What Jose Mourinho Would Do Differently Second Time Round at Chelsea

Joe KrishnanContributor IFebruary 8, 2013

GRANADA, SPAIN - FEBRUARY 02:  Real Madrid CF head coach Jose Mourinho look out from the bench during the La Liga match between Granada CF and Real Madrid CF at Estadio Nuevo Los Carmenes on February 2, 2013 in Granada, Spain.  (Photo by Denis Doyle/Getty Images)
Denis Doyle/Getty Images

He may be arrogant, controversial and at times, over-confident. This is the self-proclaimed 'Special One' after all. And yet, nobody can really deny that Jose Mourinho's description of himself, as egotistic as it may be, is one hundred percent true.

It's a strange feeling to think that while Mourinho experienced resounding success at Porto, Chelsea, Inter Milan and now Real Madrid, there appears to be unfinished business only at Stamford Bridge. 

His spell at Real Madrid started so well, with Mourinho challenging Pep Guardiola right to the wire in his first season. He then put his stamp on the team in his second season and Real Madrid looked unstoppable as they stormed to the La Liga title for the first time since 2008. 

This campaign has been a stark contrast to the previous two, however, with the media reporting several bust-ups with players such as Iker Casillas and Sergio Ramos, while star forward Cristiano Ronaldo has hinted at a premature exit from the Santiago Bernabeu after becoming unsettled. (Goal.com)

After the early drama, it seems Mourinho has managed to finally steady the ship as the champions seek to overturn a massive gap of 18 points between themselves and fierce rivals Barcelona.

Despite their return to form, it's unlikely to stop Mourinho from leaving, and he has made no secret of his desire to return 'home', which to the 50-year-old is England. But could he really return to Chelsea and finally win the Champions League?

Of course he can. After all, this is the man who secured the club's first top-flight domestic title in 50 years in 2005, and won a further six trophies in his three years as Chelsea coach.

Despite his best attempts, he never got close to winning the highly-coveted Champions League.

Former interim manager Roberto Di Matteo did though, and perhaps this is one of many explanations as to why Mourinho could seek a return in the summer; because he fears his legacy has been ruined by the Italian's shock success last season.

The rapport he built up with the Chelsea players was something never seen at the West London club; Didier Drogba, Frank Lampard and John Terry are known to be close to Mourinho—even six years after his departure from Stamford Bridge.

This is somewhat similar to the relationship Sir Alex Ferguson has with his players at Manchester United; an everlasting respect and acknowledgement of who is boss when it matters.

But with Drogba now at Galatasaray, Lampard's future uncertain and Terry struggling to stay out of the limelight, it would appear that should Mourinho return for a second spell as Blues boss, he would have a massive task on his hands to revitalize the 'spine' of the Chelsea squad.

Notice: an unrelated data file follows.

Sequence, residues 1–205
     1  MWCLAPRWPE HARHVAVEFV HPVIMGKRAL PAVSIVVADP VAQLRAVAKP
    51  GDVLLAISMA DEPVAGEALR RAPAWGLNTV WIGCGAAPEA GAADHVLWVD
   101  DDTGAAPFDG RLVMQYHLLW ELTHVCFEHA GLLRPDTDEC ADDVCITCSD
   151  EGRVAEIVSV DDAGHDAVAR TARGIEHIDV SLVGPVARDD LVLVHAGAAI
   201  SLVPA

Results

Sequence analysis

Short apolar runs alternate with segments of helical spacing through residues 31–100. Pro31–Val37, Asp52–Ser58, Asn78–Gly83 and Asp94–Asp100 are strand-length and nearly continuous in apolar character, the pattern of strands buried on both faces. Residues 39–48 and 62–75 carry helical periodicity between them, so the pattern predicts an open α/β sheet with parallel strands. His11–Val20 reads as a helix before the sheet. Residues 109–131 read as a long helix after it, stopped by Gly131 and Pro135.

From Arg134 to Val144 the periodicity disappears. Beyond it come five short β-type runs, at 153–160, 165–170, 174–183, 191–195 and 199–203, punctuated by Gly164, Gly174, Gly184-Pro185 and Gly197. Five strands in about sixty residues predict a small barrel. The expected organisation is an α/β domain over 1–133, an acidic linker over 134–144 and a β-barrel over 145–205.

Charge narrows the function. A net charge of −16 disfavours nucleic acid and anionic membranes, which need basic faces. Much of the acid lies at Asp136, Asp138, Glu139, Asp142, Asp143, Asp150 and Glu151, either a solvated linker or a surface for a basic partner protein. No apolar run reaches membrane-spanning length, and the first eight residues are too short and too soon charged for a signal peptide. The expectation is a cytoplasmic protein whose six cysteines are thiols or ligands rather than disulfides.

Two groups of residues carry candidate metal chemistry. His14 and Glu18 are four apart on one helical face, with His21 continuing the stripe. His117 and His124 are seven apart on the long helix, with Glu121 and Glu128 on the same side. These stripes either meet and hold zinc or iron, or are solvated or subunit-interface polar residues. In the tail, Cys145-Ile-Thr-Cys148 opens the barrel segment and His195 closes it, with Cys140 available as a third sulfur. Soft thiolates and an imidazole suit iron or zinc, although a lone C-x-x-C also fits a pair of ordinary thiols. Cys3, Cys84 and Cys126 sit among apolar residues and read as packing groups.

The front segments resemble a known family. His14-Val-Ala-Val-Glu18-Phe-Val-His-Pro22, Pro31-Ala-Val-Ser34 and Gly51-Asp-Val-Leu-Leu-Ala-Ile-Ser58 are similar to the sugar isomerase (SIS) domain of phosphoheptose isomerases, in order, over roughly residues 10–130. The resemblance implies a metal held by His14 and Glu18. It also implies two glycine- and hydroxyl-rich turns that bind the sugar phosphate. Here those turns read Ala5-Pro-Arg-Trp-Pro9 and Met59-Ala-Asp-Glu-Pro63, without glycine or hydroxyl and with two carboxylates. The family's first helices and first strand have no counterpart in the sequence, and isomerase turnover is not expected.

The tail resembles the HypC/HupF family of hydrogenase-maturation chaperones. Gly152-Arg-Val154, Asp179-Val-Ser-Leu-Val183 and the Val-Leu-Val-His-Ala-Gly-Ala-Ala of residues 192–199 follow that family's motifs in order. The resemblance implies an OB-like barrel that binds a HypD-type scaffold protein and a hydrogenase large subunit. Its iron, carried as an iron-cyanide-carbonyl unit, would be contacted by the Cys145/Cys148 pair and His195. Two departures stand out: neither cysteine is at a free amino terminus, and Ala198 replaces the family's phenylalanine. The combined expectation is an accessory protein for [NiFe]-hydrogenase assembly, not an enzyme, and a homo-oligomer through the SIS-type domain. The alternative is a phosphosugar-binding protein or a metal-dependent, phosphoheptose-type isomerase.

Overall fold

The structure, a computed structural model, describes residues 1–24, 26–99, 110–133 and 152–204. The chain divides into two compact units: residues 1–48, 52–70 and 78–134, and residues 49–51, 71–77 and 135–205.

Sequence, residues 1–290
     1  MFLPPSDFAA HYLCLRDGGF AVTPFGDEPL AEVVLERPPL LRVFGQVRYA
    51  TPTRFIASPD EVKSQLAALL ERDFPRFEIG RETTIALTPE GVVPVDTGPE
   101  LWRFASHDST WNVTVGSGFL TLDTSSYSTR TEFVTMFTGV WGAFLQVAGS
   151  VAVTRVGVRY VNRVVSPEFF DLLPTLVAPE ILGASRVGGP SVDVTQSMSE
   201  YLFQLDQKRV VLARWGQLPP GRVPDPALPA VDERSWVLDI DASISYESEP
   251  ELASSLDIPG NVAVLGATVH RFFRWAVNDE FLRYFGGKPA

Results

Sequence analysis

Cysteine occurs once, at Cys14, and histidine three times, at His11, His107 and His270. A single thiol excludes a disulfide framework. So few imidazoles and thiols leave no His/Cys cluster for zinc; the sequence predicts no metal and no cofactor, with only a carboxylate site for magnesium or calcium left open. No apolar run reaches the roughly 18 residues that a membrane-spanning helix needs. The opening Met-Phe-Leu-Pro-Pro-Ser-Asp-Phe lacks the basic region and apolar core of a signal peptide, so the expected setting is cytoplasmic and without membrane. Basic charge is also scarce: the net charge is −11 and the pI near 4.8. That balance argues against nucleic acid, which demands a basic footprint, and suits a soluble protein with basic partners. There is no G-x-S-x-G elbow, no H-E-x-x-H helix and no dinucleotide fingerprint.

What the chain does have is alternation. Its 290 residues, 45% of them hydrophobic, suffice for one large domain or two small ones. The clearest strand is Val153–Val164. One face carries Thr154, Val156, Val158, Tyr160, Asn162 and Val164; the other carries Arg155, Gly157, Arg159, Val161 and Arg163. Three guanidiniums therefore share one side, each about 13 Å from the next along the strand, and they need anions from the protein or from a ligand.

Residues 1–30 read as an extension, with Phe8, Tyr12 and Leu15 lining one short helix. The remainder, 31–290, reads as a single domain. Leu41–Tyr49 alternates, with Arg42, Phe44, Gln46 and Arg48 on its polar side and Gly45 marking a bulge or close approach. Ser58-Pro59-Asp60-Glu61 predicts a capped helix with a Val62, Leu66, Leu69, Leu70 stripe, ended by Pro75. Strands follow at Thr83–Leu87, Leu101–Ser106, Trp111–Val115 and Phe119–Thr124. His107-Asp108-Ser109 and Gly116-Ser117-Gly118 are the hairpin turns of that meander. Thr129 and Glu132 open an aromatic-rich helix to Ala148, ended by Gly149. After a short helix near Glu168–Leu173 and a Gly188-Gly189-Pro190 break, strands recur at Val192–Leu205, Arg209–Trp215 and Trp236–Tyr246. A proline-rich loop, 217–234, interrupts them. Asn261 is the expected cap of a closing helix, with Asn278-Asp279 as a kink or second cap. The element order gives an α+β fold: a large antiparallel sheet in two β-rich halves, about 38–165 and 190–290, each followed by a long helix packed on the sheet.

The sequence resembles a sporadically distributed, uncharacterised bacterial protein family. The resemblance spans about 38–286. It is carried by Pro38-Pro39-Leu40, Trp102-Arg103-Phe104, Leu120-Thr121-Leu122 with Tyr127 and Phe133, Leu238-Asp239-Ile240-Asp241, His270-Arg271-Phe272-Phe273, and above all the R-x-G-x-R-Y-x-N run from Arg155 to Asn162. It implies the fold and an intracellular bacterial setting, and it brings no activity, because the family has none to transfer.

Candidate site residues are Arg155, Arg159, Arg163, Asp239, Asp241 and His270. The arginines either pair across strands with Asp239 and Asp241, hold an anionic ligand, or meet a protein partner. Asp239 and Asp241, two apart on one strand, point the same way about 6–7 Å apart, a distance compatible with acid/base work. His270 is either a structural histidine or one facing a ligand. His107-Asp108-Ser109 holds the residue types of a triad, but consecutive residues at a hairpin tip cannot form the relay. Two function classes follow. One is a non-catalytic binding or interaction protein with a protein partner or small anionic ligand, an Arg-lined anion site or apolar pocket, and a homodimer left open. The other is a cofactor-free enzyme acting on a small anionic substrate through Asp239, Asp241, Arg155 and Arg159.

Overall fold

That spine consisted of Petr Cech in goal, Terry in central defence, Lampard as the advanced midfielder and Drogba as the main striker. With half of the 'untouchables' no longer at his disposal, Mourinho would need to put his faith in David Luiz and Juan Mata, two players he has never worked with before, to be at the forefront of any Chelsea revival.

It was a clear point that when Mourinho was in charge at Chelsea between 2004 and 2007, the youth academy suffered. The Portuguese coach wanted to bring in world-class players, with Michael Ballack, Andriy Shevchenko and Ricardo Carvalho just a few in a line of stars who played in a Chelsea shirt.

But it's a whole different strategy with Chelsea now; the young stars of the next generation, consisting of Eden Hazard, Oscar and Victor Moses, are key to Chelsea's future success. The fear could be that Mourinho would be unwilling to give them the opportunity they need to develop as footballers. 

However, if you look to see how Mourinho has allowed young French defender Raphael Varane and promising striker Alvaro Morata to impress in both cup and domestic games, it shows a clear indication that Mourinho is willing to alter his strategy after all, and to devastating effect too.

Varane put in a man of the match performance against Barcelona, including scoring a goal, while Morata has shown promise for both the senior side and reserve team Castilla this season.

Perhaps Mourinho is a bit more wiser now than he was back in September 2007 when his side could only draw 1-1 with lowly Rosenborg in the Champions League. His tactical awareness and confidence to make bold decisions, on the other hand, still remain the same.

With his side 1-0 down at half-time to Granada last weekend, Mourinho hauled off both Gonzalo Higuain and Sami Khedira at half-time, throwing on two attackers in the form of Karim Benzema and Jose Callejon in a bid to grab an equalizer and possibly a winner.

The move proved fruitless in the end, with Real Madrid failing to score. Nevertheless, the decision highlighted his ability to identify the weakness in the team and rectify the problem.

Realistically, there isn't a lot Mourinho would do differently. Rather than sign a couple of 31-year-olds for £30 million each, he could invest in the young stars of the future. And instead of annoying owner Roman Abramovich by refusing to play his favorite star Fernando Torres, he could just simply play him at center half.

With all jokes aside, Mourinho could well return this summer, and England must be prepared.Because when he comes back, he'll be even better this time round. He's learnt from his mistake; he never should have left.